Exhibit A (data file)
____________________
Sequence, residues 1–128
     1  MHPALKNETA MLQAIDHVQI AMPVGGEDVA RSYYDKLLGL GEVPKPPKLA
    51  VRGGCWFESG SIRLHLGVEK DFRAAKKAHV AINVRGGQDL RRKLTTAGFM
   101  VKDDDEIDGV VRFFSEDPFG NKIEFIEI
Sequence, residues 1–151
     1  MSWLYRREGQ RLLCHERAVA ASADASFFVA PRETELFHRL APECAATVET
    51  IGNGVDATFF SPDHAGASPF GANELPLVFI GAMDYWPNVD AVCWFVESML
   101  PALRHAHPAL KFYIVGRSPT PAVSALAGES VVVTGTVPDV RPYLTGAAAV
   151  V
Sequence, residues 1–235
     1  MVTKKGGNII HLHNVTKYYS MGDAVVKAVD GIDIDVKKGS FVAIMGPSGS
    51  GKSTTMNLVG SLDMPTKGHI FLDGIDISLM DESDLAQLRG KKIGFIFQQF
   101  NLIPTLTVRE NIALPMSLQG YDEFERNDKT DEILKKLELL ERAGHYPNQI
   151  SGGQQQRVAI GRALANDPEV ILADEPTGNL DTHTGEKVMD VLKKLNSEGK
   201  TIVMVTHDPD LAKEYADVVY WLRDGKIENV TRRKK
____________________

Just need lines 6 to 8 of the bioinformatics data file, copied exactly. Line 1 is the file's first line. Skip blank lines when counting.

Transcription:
     1  MSWLYRREGQ RLLCHERAVA ASADASFFVA PRETELFHRL APECAATVET
    51  IGNGVDATFF SPDHAGASPF GANELPLVFI GAMDYWPNVD AVCWFVESML
   101  PALRHAHPAL KFYIVGRSPT PAVSALAGES VVVTGTVPDV RPYLTGAAAV